This chart originally came from a Bloomberg source that Zerohedge was unable to link. The so-called analyst who produced this chart is trying to make an argument that the build of silver inventories in the COMEX is what will push the price of silver lower. If we look at the chart we can see that the movement of inventories (IF THEY ARE ACTUALLY REAL) has no real correlation to the price of silver whatsoever.

In one week in Sept 2011, the price of silver was knocked down 27% with no apparent increase of COMEX silver inventories. From Jan to Feb 29th, the price of silver shot up 36% while the supposed COMEX silver inventories increased 13%. This can be proven further by looking at the changes in COMEX silver inventories and the price of silver between 1995 and 1999.

From Jan to Dec 1995 the COMEX silver inventories declined approximately 110 million ounces and the price of silver only increased $0.40 from $4.80 to $5.20. Now, there was some initial volatility when the inventories were removed in April 1995. The price shot up from $4.60 to $6.00, but by Aug 1995 it had already fallen to $5.00.

An even bigger decline in silver inventories took place from 1997 to 1998. This was probably due to Warren Buffet’s short stint in the silver market. In the middle of 1997 the silver inventories fell from approximately 200 million ounces to only 50 million by the end of 1999. Excluding all the initial volatility, the price of silver increased from $4.80 in July 1997 to $5.30 by the end of 1999. All in all, as the silver inventories dropped a staggering 75% during this time period, the price of silver increased only 10%.

If we look at the movement of silver inventories compared to the price of silver from the total period between 1995 and 1999, it becomes even more of a farce. COMEX silver inventories fell from 270 million ounces in the beginning of 2005 to a lousy 50 million by the end of 1999. The price of silver changed a measly $0.50 ($4.80 to $5.30) in this timeframe.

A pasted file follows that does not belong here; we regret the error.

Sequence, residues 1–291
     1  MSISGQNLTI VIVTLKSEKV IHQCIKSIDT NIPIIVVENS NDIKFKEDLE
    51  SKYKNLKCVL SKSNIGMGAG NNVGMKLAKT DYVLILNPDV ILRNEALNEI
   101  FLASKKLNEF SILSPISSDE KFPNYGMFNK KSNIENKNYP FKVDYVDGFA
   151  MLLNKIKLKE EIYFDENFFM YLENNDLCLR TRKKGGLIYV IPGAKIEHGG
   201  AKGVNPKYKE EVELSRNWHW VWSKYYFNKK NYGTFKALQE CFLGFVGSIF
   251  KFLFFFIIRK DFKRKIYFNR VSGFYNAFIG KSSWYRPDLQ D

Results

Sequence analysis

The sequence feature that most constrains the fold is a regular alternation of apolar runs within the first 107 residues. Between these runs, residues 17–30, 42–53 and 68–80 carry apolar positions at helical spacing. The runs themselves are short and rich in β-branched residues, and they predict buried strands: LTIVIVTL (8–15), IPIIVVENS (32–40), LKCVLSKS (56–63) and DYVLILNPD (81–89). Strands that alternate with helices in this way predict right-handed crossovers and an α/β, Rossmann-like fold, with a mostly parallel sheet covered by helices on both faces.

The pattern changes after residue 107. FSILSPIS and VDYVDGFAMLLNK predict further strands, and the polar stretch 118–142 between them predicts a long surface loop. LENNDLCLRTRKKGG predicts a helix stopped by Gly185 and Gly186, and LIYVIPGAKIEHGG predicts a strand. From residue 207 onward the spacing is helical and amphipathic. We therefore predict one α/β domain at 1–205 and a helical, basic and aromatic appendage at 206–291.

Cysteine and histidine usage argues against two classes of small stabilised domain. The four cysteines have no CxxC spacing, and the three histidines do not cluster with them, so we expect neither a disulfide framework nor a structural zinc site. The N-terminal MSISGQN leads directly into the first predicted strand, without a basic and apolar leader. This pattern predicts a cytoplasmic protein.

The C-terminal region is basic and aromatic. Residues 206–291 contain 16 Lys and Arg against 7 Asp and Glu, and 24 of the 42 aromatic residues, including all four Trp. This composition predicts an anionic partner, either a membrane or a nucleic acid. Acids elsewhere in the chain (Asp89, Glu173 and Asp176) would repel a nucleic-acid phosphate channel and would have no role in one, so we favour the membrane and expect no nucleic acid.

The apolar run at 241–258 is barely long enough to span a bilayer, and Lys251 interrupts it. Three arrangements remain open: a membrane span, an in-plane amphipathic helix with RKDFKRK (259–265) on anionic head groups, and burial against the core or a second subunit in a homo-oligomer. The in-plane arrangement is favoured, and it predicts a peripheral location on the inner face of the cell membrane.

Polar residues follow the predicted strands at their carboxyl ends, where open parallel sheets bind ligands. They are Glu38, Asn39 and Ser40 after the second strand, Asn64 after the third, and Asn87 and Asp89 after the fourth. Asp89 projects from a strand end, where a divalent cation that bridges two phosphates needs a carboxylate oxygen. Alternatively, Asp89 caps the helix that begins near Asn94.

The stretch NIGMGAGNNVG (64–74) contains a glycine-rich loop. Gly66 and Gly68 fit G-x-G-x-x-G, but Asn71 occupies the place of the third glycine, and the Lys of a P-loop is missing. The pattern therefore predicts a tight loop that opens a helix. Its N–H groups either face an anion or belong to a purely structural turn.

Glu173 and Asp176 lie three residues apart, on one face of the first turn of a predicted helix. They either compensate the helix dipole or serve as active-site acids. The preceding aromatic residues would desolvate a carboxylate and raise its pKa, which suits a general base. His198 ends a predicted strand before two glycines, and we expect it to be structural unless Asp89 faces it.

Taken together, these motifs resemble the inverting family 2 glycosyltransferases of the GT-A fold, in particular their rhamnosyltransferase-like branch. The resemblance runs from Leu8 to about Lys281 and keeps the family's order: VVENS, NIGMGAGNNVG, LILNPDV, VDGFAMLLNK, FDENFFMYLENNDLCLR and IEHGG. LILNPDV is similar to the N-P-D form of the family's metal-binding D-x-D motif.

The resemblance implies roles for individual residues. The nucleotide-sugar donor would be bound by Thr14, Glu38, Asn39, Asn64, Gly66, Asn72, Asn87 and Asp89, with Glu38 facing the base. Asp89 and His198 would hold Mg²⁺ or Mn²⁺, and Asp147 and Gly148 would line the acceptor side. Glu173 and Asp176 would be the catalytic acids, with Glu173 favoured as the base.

There are two bits of wisdom we can take away from the movement of silver inventories and the change in the price of silver:

1)    There is no correlation whatsoever

 

2)    It provides further proof that the Silver Market is manipulated

So, I say let the mainstream analysts do what they do best and that is to continue to provide the world with totally useless analysis while those in the gold and silver community just have to be patient and wait for the fundamentals to finally override the manipulation and insanity. This is explained in more detail in my past article THE COMING PARADIGM SHIFT IN SILVER.

While the silver market is indeed manipulated on a short term basis, it cannot be controlled over the long haul. Fundamentals always win out in the end. To see this more clearly, we need take a step back and look at the silver market in broader scope.

CRITICAL FACTOR #2: Energy Supply & Diesel Consumption

Another critical factor concerning silver is the future energy supply. The mining industry runs on liquid energy – the majority of which is diesel. Not only is the world currently peaking in conventional crude oil production, but net oil exports are already declining. I will discuss global net oil export declines in more detail in a follow-up article.

For now we will look at Mexico’s example of falling net oil exports, focusing primarily on Fresnilo’s processed ore and diesel consumption. All oil-exporting countries go through the same cycle of increasing oil production and domestic oil consumption. This ratio works fine until production declines while domestic consumption continues to increase. A perfect example of this at work is Indonesia.